Wednesday, May 4, 2011

It's Not Like We're Crossing the Street This Time

Moving is probably not a dramatic event for everyone. I moved across the street as a kid. Not a big deal- kind of fun and weird actually, lugging boxes and a TV across the lawn, riding your bike out of one garage, down over the driveway lip and up over the curb of the next, into what was now your new garage.

My friend is building a new house a couple neighborhoods away. She's excited and looking forward to it, counting the days almost. I know someone that is moving from China to another country (not their home country) and they seem pretty jazzed about what they will be doing.

Most of the time when I tell people we are moving and then they start to gather from the slightly pained look on my face that this many not be something I am over the moon about, they say comforting things like,
"You'll make new friends!!" or,
"It's a whole new adventure!!" and,
"It will be such a great experience!!" or my favorite,
"They have Pandas there!!!"
And absolutely none of these things make me feel even one tiny ounce better. Because I know all those things already-- and I even believe them. It's the leaving part that is hard for me.

I never moved as a kid, aside from that stint across the street. So when I live in a place, I dig deep. My roots bear down and grab hold of whatever is there and hold, hold, hold. I have found life in three places now besides the town of my childhood, and I think I have thrived in those places because I was able to drink deeply from them. Leaving each one of them was hard and left a mark on me in places that spring up every now and again. And the places I loved are the people and the people are the places. It's the people that I'm leaving and that is what feels like the breaking.

I've rooted deep into people and they into me-- and though they may roll their eyes at the things I like to talk about and how every conversation can turn a bit too serious-- they have taken me seriously and we have lived life, heart and soul and dirty laundry, together.
So this leaving is not just an adventure.
Or a switch from one group of friends to another.
It is for me an uprooting.

The beautiful, even hopefuly thing about the painful tearing up of roots is that I believe they will dig deep again. It is a common phenomenon among expatriate (which often means transient) communities that after repeated uprootings (whether by you or the friends you keep making), you start to shrivel up. You don't let yourself get down there anymore in the dark, loamy soil. You stay up near the surface and maybe spread wide, but not as deep as you used to. I don't think I've lived here long enough to speak to the temptation to hold myself back. I'm not tempted quite yet to keep to myself because I'm tired of the root ripping. I believe in the importance of people, and the Grace to be able to live fully, wherever you are.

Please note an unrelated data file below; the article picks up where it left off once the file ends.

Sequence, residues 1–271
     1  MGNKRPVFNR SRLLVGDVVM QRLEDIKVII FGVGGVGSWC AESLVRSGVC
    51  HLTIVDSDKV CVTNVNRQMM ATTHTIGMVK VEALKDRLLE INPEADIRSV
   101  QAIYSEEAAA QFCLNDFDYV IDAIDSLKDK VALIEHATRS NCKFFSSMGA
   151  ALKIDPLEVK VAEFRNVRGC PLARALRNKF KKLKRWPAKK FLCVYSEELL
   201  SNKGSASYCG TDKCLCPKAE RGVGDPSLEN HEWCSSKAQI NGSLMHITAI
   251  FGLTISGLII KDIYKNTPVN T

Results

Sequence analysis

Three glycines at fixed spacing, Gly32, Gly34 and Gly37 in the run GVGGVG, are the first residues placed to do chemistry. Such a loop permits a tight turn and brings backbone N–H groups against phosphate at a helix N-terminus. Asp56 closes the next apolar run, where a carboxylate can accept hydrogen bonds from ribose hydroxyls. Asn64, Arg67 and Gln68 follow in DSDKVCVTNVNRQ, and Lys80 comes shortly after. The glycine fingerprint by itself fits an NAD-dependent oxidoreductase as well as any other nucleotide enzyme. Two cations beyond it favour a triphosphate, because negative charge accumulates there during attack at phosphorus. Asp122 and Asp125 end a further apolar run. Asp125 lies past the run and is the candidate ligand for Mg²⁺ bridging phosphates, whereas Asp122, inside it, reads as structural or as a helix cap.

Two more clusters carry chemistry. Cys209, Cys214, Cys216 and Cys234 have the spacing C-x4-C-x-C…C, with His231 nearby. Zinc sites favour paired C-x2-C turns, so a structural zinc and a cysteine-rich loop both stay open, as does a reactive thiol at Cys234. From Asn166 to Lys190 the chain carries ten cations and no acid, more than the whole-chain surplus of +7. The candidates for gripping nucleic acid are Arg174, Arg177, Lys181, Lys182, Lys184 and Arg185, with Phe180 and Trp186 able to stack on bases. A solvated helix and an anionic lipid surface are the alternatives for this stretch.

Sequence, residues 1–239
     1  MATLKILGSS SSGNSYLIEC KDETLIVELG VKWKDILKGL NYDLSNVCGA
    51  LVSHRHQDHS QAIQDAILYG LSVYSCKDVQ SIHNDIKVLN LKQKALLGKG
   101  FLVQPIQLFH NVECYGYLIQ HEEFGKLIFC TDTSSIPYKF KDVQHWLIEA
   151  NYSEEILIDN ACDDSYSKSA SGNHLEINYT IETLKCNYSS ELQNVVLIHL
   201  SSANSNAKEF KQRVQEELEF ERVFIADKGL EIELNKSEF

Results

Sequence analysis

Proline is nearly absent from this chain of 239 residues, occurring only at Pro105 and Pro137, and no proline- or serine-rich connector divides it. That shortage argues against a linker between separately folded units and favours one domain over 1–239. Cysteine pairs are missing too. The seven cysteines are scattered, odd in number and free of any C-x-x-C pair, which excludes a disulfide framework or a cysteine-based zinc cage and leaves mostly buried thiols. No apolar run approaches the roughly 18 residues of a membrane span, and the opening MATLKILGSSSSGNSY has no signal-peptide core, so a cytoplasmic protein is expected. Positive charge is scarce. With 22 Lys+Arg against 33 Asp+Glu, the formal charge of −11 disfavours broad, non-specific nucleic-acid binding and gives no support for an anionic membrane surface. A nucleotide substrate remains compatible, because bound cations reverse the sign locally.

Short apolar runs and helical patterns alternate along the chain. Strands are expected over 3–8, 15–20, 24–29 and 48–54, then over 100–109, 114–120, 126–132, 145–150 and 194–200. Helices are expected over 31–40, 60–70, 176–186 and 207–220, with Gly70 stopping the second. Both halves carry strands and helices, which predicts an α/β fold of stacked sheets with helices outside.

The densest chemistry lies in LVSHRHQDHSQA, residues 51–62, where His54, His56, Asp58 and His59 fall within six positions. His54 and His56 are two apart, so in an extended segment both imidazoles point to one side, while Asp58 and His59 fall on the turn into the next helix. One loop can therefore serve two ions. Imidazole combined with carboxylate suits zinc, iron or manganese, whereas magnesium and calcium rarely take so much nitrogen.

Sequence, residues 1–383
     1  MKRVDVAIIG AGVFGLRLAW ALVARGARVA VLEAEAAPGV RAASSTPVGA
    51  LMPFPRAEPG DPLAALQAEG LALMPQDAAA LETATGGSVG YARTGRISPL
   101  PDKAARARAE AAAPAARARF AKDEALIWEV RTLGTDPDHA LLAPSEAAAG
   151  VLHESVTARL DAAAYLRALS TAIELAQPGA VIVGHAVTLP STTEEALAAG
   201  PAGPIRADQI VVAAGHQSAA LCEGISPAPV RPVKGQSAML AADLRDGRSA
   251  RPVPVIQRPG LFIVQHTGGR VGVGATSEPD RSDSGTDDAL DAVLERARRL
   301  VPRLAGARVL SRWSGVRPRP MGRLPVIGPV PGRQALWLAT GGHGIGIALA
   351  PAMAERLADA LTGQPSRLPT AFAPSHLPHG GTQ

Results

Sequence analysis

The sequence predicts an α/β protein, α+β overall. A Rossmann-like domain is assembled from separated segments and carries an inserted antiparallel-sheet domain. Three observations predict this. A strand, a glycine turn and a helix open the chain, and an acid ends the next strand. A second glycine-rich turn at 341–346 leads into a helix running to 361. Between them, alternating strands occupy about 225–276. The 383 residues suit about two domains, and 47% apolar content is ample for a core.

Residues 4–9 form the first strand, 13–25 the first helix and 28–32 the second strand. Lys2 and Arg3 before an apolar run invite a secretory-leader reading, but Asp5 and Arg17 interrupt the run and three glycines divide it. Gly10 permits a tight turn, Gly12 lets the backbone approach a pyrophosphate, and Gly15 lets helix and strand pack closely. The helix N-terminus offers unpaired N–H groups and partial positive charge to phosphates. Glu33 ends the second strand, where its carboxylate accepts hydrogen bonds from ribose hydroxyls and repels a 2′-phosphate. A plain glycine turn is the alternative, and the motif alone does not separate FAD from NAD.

I know I'll dig deep in this new place that looms on our horizon.
I know it will be an adventure and that there will be new friends and that the ones I say goodbye to are not really lost or anything and that the new city may one day feel like home. 
But like I said, right now it is just the leaving.

Moving is not a dramatic event for everyone, I know that.
It just really is for me.


  1. As an expat who loves her new life in Hong Kong, I am taking notes as our assignment clock only has 12 more months!

  2. i had to chuckle, whenever i talk with your brother about how difficult it was as a child to move around so much and how i think it effected the way i now hesitate to dig deep (initially) or wince at the inevitable prospect of another uprooting and just loathing the leaving, he brings up moving across the street and compares the struggle to lighten the mood. Sometimes it works.

  3. I moved often as a kid. My fifth grade year it was 3 different schools. As an adult, I continue to move. I've been thinking about what you've written here - about expat's roots shriveling. I'm not sure I ever had roots. Isn't that sad? (Being a shy introvert probably doesn't help.) I noticed this most strongly the first time I visited my husband's hometown, where he had lived continuously from birth to 17 years. (He then became a nomad like me.) He had lifelong friends! A whole gang of them! I didn't know what to think of it, but I liked it. It is true for me that I don't put down roots, but with the planning of an upcoming pregnancy, (my first), I can't help but wonder how I should go about cultivating them in what will be a very mobile child - American mother, Spanish father, most likely born in Beijing, growing up who knows where... I've been reading many "expat mother" blogs recently, looking for clues and advice. I appreciate your words here and elsewhere on your blog.

    BTW - Are you moving to Beijing? If so, I'm happy to share clues and advice of my own.